On the safe side with approvals and certificates

18 Mar 2020

How the certification of chainflex cables increases safety and helps companies assert themselves in the world market

Who among mechanical engineers will have to take down their company sign? And who will prosper instead? There is no clear answer. At best forecasts can be made enabled by clear rules, which the automation technology of the future will follow. Those who succeed in reducing the majority of their problem areas have the best chance of avoiding the worst-case scenario.

Topics such as energy technology, including decentralised control technology or the establishment of energy management systems must be on the agenda for mechanical engineering companies, just as intelligent sensors and autonomous cable monitoring systems, to name just a few. And geopolitically too, both small and large companies have to stay on the ball. Those who are negligent today about export and obtaining country-specific approvals or internationally binding guidelines and laws are jeopardising their good business relationships and not least their existence.


Missing certificate for cables means the red card from customs

For plant constructors, it is helpful to have a closer look at the product data sheet when purchasing components such as Treotham’s igus chainflex cables. If you find information there, such as country-specific approvals called UL, EAC CTP or DNV GL, you can confidently place your order. The same applies to national and international guidelines such as RoHS or REACH, which protect the environment and health. One who buys cheap ultimately pays double the price and also often gets the red card from customs during shipping and export to the customer. Not infrequently, it means: "Unapproved components are not allowed for the time being." Since a long time, topics such as the approval or compliance of cables and other components are not issues that should be left to the purchasing department alone for budgetary purposes. For an estimated 60 percent of installed electrical systems – measured in terms of the total extent of a manufacturing plant – the installation of cables without approval has far-reaching economic consequences. Of course, it is possible to subsequently get such an approval for almost every plant in the scope of the commissioning on site. However, it will likely cost a lot more money due to delays in the start of production, longer required service staff at the customer and last but not least the external inspectors. Not to mention the negative impacts on your own image and customer relationships.


Safety through a multitude of tests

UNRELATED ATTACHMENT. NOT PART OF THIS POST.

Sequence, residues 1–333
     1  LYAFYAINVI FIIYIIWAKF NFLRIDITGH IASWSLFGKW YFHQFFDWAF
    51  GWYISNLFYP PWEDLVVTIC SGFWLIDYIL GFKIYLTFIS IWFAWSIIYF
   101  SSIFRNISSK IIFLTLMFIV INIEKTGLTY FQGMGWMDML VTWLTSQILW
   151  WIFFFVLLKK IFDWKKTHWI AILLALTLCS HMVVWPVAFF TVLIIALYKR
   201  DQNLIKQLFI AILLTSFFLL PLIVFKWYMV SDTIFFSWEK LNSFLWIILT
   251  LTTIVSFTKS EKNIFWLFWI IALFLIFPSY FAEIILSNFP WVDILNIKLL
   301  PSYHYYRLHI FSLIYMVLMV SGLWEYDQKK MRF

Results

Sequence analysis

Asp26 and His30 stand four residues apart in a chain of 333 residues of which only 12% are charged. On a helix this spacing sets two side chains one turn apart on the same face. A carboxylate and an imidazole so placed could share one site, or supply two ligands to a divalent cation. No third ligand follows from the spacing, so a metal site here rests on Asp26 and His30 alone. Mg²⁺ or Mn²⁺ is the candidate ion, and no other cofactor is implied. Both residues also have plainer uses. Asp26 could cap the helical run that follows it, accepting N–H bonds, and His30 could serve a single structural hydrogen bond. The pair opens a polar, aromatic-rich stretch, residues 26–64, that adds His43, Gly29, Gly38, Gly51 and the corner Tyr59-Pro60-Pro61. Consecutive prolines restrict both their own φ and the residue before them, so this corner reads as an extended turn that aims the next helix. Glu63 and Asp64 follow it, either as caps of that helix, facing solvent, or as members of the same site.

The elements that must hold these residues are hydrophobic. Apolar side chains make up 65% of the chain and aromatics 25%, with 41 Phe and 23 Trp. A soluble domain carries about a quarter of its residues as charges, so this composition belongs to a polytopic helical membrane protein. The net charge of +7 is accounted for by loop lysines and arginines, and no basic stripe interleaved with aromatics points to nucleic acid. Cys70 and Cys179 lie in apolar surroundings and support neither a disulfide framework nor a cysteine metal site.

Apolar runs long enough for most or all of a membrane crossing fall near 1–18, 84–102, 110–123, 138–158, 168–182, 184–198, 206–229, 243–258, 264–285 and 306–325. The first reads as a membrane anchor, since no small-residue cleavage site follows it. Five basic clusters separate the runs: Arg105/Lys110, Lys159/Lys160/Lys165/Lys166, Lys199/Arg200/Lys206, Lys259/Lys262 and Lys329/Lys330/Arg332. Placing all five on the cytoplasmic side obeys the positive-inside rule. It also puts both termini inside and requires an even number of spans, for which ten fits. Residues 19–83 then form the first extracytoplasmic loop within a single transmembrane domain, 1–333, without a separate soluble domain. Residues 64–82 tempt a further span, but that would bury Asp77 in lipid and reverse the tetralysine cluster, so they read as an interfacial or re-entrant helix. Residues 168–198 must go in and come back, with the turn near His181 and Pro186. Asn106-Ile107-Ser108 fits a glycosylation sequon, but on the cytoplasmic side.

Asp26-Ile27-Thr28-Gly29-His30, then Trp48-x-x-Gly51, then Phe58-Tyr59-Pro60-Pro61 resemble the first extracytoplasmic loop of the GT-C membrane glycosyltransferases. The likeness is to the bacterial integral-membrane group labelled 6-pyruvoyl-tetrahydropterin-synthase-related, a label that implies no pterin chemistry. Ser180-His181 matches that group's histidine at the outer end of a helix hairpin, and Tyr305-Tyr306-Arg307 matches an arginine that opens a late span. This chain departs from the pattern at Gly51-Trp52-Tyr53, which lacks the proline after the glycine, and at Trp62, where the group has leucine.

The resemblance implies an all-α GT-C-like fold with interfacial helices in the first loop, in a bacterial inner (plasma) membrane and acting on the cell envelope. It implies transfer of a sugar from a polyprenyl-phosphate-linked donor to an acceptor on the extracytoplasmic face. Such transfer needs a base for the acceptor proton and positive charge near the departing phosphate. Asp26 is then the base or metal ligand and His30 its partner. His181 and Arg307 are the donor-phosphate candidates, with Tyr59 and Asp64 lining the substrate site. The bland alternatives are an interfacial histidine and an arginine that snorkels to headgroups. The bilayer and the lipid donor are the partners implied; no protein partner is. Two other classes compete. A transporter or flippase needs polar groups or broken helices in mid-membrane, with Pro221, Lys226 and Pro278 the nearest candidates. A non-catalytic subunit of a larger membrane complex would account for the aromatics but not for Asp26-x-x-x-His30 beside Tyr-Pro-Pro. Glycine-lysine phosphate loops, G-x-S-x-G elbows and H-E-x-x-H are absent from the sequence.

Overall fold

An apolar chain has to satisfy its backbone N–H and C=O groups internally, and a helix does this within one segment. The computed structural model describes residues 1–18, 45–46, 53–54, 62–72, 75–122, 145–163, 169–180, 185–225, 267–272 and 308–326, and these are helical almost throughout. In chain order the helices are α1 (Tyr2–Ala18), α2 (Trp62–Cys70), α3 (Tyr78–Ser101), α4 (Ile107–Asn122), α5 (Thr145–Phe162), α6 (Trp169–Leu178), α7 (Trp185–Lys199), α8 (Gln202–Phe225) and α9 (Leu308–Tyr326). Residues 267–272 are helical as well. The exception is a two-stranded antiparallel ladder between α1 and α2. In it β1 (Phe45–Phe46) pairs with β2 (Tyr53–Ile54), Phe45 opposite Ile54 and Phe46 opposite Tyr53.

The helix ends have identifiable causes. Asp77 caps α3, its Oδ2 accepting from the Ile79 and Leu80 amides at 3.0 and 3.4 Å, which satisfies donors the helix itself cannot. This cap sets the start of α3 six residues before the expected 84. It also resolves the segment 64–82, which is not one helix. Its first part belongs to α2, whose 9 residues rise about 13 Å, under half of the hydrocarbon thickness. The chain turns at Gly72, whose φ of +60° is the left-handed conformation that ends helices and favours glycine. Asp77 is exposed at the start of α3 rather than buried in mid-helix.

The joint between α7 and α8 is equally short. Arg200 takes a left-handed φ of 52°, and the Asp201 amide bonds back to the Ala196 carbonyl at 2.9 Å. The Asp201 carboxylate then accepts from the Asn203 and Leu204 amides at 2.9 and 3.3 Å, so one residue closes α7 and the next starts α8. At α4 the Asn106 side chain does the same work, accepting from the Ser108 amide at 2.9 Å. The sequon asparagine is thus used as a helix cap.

If, on the other hand, you already invest time in the planning phase for the selection of approved, certified and compliant cables, such as those in the igus chainflex cables, your overall process becomes leaner and more efficient. The range of cables could not be more diverse. There are over a thousand types of approved control cables, servo cables, motor cables and robot cables, bus cables, data cables, encoder cables or fibre optic cables. For every metre of the chainflex cables that the customer plans and installs in their machine, a large number of approvals assure compliance with the rules, unrestricted reliability and a long service life. Companies such as igus confront the high and dynamic market requirements through constant advancements in the in-house test laboratory. Among others, chainflex cables for moving applications in energy chains or for robotic applications are tested here for operational reliability. The result: valuable insights for research as well as development and the increase in product quality for the customer. The performance of human and machine is impressive and is also very unusual: on more than 2,750 m2 floor area, igus carries out test series for cables in endurance tests in e-chain movements. That surpasses what all well-known manufacturers achieve combined. A closer look at the details reveals the high standards that the motion plastics specialist sets: 800 tests on chainflex cables on average, in parallel(!). That adds up to more than 2 billion test strokes per year. And that's not all: 292 million double strokes for production monitoring resulting from approximately 1,561 production monitoring tests per year. This performance is also achieved thanks to the 63 test facilities, where just under 1.4 million electrical measurements are carried out in twelve months. The whole thing can only be topped up by more than 3,500 tests on the cables, i.e. every year. All the parameters to be assumed are simulated using a climate chamber, external tests, a noise chamber and 130-metre-long travel or robot systems. This large number of test series and the results collected over the last 20 years now provide every customer with a clear answer to the applicability of their chosen cable for their specific needs in the igus online service life calculator. If the service life result does not fit or is too good, a less sophisticated chainflex alternative can always be selected and recalculated. An absolutely unique feature is the option to secure a guarantee from igus for 36 months or alternatively for 10 million cycles for a chainflex cable.